opening/closing borders or transferring tax funds according to
political circumstances. Only by this means will Israelis achieve
security with the ability to control incoming Palestinians and
goods from the PNA by physical borders and border stations.
This theory contradicts common economic theory where the
enforcement of trade and mobility barriers and the discouragement
of economic integration are perceived as negative. Is this really
the case? Let us ask ourselves some simple questions about the
economic development of Israel during the first years of its
1. Could the Israeli economy have grown as rapidly as it did unless
it was protected?
2. Could Israel have given up the development of industries where
it had no comparative advantage in order to avoid dependence on
The answer to these questions is apparently negative. Therefore,
should we conclude that there is room for economic cooperation
between Israel and Palestine? Not necessarily. The concept that
should be applied is moving from current "dependence" to
"independence" and from there to "cooperation."
In the short term, this concept means that the current
complementary nature of Israeli industry (capital and technology
abundant) and Palestinian industry (labor abundant) might lead to
several modes of cooperation that would not only enhance the growth
and strength of Palestinian industry, but compensate for
comparative disadvantages of Israeli industry as well.
In the long term, the nature of cooperation might change according
to the nature of development of Palestinian industry and its
ability to specialize and create comparative advantage. In this
state, after the political situation in the region stabilizes, the
removal of trade and mobility barriers will be possible. This
concept is presented in the next section.
Current and Future Modes of Cooperation
Trade between Israel and the PNA, in 1998, is estimated at about
$1.8 billion of Israeli exports (including re-export of goods
imported to Israel) and about $0.5 billion of Palestinian
The Palestinian market is basically a "captive market" for Israel
and is actually the latter country's second-largest export market
(second only to the U.S.A.). Current cooperation between Israelis
and Palestinians involves the employment of over 50,000 Palestinian
workers in Israel. At the industrial level, most cooperation is in
the textile, clothing and leather industries.
Israeli textile and clothing firms hire Palestinian
subcontractors/workers for performing labor-intensive activities
(mainly cutting and sewing). Israeli firms, such as Kitan,
Teva-Naot, Hulata, and many others have extensive experience in
such cooperation. In the newly built Industrial Park at Karni
(GIE-Gaza Industrial Estate) there are about 10 Israeli textile and
clothing firms that are already operational. Another area of
cooperation is agriculture: a large share of Israeli agricultural
exports of flowers and strawberries are grown in Gaza. Some
cooperation exists in the manufacturing of electronic consumer
goods, where Amcor, a leading refrigerator manufacturer in Israel,
is operating in Gaza together with Palestinian partners.
The current political instability hurts such collaboration. From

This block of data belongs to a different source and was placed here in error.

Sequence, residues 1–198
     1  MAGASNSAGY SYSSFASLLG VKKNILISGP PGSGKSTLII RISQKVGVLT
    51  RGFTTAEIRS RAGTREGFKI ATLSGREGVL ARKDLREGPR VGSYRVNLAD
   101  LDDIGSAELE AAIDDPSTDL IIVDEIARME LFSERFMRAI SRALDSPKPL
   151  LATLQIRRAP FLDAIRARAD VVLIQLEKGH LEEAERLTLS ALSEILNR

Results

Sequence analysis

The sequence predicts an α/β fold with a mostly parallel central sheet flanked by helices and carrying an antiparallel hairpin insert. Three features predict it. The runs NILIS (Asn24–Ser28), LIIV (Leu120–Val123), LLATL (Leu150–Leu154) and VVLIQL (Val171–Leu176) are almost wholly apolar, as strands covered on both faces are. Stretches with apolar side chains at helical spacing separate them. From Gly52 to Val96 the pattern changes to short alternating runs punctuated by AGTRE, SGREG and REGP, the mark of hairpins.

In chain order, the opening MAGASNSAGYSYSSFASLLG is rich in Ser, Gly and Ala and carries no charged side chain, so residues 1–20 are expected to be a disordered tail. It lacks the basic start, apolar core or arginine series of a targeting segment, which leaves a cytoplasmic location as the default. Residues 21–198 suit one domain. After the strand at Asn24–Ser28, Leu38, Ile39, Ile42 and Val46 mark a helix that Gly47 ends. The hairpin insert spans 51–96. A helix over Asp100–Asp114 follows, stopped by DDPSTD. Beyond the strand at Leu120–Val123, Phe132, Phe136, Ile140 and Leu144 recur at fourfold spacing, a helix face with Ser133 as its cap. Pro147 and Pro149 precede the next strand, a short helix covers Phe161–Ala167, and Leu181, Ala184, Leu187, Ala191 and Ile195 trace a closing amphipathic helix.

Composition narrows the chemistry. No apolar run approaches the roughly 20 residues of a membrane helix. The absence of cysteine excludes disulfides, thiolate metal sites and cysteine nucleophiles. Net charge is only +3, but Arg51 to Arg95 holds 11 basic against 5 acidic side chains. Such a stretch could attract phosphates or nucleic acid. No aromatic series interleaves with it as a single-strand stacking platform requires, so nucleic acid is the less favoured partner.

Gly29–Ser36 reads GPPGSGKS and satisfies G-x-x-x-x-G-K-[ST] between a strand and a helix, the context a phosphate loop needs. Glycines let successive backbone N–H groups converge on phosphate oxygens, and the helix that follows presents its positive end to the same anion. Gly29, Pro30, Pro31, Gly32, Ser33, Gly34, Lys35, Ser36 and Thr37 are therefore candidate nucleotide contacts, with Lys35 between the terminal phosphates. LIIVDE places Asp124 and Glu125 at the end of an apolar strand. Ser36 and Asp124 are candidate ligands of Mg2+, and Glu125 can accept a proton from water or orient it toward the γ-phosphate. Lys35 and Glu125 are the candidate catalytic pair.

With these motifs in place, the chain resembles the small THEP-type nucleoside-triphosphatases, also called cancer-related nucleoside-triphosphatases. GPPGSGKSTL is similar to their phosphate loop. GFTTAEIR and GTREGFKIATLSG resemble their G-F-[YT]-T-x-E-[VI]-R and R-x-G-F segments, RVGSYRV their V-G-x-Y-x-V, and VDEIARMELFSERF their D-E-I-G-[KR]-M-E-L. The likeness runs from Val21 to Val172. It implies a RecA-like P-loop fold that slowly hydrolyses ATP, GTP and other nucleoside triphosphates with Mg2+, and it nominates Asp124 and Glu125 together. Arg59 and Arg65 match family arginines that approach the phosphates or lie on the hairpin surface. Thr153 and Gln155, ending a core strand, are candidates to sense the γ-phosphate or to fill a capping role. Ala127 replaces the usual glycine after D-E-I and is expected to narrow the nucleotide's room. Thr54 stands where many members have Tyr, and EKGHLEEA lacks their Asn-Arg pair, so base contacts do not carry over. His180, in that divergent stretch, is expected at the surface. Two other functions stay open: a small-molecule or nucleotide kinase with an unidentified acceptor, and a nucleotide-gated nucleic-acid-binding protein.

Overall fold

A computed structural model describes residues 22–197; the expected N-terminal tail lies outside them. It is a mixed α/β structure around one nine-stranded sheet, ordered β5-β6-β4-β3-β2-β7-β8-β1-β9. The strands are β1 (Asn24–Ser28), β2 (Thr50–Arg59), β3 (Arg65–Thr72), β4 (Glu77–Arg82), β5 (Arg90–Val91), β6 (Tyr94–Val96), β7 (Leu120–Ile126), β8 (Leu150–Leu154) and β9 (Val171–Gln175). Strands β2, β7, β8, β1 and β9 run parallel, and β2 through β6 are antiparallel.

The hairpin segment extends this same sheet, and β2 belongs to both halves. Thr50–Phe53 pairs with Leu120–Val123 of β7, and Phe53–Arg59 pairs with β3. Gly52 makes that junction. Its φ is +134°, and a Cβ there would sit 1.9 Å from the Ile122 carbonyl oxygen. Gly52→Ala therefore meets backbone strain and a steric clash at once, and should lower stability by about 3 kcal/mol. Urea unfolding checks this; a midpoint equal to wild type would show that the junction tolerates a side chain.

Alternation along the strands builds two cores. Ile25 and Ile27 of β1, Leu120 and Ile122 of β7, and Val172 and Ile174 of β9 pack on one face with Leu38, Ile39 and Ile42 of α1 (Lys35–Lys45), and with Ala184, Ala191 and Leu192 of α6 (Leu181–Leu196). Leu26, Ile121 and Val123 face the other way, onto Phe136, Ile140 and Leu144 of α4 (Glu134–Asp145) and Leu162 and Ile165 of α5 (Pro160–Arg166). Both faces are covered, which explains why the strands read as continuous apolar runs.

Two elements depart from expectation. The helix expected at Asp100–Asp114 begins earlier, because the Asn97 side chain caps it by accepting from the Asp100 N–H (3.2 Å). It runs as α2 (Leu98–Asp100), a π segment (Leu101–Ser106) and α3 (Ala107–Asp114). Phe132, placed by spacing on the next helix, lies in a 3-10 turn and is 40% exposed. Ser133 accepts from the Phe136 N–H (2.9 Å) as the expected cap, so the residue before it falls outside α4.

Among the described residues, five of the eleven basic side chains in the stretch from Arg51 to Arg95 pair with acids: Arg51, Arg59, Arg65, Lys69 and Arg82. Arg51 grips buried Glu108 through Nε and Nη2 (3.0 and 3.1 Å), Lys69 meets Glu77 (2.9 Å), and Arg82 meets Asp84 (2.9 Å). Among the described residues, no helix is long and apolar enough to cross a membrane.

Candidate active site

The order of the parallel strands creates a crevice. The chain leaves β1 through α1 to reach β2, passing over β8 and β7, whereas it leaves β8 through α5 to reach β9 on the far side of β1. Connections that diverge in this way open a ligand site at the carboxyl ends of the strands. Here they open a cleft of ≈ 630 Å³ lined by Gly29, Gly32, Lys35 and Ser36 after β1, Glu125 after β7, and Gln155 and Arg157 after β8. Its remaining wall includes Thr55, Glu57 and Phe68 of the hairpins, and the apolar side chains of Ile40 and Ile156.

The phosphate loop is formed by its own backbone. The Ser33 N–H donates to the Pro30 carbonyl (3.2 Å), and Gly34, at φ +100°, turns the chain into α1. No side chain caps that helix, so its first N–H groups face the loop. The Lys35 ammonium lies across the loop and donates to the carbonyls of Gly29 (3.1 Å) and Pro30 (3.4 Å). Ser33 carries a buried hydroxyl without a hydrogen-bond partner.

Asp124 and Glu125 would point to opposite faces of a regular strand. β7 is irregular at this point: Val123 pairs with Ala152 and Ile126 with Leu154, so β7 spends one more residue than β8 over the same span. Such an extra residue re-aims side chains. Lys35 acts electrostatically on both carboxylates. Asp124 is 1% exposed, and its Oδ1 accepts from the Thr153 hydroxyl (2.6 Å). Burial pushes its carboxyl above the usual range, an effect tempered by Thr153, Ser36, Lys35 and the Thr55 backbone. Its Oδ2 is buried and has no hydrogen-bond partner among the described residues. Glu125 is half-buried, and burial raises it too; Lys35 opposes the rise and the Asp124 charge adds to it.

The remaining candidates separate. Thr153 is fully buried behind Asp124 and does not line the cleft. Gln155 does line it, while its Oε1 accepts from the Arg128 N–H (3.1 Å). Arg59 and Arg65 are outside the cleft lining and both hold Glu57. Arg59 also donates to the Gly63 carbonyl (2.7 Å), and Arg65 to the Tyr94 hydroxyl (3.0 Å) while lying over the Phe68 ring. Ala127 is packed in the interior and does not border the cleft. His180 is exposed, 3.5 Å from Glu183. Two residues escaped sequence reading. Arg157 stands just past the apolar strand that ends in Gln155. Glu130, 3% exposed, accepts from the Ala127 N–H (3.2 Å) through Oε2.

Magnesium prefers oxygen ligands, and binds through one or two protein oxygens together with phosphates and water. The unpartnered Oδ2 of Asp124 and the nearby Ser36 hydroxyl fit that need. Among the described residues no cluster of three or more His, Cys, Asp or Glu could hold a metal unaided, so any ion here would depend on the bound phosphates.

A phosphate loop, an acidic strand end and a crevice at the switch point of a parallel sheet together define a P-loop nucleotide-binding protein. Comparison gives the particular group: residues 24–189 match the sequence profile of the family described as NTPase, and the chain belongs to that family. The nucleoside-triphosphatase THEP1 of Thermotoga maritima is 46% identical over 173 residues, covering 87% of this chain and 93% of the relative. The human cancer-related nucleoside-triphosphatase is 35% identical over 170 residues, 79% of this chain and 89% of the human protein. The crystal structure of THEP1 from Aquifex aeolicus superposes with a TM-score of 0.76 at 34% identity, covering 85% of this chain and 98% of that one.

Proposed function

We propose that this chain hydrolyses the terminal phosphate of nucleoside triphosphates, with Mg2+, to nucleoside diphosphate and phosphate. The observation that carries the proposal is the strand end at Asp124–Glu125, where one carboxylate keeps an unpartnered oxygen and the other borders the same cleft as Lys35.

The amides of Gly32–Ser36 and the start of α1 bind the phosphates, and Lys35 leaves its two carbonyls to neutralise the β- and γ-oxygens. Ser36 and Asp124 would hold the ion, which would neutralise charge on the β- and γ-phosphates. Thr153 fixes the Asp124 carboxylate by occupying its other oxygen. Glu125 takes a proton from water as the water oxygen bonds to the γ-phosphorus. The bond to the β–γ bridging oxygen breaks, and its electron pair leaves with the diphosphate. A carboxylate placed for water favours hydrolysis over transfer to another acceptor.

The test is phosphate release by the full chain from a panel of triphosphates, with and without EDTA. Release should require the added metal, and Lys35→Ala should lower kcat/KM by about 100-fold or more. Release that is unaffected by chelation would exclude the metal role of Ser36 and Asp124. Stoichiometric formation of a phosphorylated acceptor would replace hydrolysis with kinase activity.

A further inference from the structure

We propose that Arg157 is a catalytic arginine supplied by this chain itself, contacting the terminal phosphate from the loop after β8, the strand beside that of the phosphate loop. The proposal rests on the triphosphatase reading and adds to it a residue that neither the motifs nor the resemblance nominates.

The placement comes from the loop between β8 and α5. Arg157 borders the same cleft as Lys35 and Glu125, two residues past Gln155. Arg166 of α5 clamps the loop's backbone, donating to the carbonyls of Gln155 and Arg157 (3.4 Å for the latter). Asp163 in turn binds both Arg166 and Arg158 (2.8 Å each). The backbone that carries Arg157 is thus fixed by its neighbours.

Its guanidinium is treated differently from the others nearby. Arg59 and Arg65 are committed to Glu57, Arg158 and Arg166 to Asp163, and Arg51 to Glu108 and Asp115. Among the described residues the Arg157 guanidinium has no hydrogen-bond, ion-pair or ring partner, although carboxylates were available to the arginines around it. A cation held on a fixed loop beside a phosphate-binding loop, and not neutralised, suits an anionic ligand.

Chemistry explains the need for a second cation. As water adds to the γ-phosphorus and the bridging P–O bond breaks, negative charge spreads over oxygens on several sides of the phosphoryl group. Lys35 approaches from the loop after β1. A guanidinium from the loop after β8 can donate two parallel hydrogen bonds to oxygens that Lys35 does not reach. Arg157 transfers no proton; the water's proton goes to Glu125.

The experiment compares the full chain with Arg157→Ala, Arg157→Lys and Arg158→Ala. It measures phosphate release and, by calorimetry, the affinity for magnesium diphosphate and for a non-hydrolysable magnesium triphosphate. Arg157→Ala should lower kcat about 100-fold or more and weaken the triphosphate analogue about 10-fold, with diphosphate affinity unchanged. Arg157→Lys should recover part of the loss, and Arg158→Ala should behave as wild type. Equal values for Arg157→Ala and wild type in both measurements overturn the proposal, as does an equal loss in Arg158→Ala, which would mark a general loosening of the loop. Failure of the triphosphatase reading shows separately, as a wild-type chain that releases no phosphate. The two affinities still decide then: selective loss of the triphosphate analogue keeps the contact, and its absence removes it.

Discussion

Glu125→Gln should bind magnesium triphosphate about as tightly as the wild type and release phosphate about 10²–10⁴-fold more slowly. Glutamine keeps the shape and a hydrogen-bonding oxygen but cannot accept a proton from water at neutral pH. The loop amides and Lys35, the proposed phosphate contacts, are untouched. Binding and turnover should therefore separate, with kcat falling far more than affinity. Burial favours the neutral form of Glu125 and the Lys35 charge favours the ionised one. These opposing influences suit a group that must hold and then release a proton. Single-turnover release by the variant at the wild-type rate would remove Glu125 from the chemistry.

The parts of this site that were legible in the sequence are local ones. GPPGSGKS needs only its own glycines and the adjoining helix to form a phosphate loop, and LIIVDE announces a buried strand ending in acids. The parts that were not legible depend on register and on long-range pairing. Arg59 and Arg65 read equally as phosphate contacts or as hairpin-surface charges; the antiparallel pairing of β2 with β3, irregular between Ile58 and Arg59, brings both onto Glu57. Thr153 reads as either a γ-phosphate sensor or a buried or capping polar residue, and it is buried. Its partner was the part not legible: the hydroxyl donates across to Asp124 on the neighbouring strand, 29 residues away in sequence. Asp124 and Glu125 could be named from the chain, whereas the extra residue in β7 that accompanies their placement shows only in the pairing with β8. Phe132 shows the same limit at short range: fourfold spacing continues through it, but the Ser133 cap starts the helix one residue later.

time to time, Palestinian labor is banned from entering Israel or
Palestinian goods are stopped or delayed for inspection (a critical
factor where agricultural produce is concerned). What will be the
nature of future cooperation between Israel and the PNA? The basic
propositions presented in the previous section indicate that
collaboration should not be focused on Palestinians working in
Israel, but on other forms of cooperation. Several recent studies
contradict the common perception that Israel has very limited trade
potential with its Arab neighbors.1 A central factor that is
present in these models is "Input Sharing." This factor means that
the complementary nature of the Israeli and Arab economies enables
advantage to be taken of the proximity between Israel and its
neighbors in order to create joint industry clusters with worldwide
Nevertheless, in order not to preserve the structure of a
capital-intensive economy that utilizes the cheap labor of a
labor-intensive economy, several important concepts must be
• The preferred form of cooperation should be through
subcontracting, or joint ventures between Israeli and Palestinian
firms, and not through Palestinian labor employed by Israeli
• The Palestinians must understand the importance of the time
factor in building international competitiveness: it takes time to
create know-how; it takes time to be efficient in manufacturing
(going down the learning curve); it takes time to penetrate
international markets; and it takes time to build country/brand
The Israelis must decide if they are able to compete in
international markets on their own; Palestinians must decide if
they want to wait several decades until they develop export
industries, or if they prefer to take several "short cuts" through
cooperation with Israeli firms.
The implementation of this point of view can be demonstrated in
Textiles and Clothing
Cooperation in this industry should combine division of labor
between Israel and the PNA. At first, automatic stages of
production and areas that demand specific know-how such as design,
finishing, dyeing and printing should be performed in Israel.
Labor-intensive activities such as cutting, sewing and packaging
should be performed in the PNA.
Marketing should be based on Israeli channels in order to enable
"quick response."2 This division of labor means that around 20%-25%
of the added value in the manufacture of textiles and clothing
products will be created by Palestinians. In later stages, as more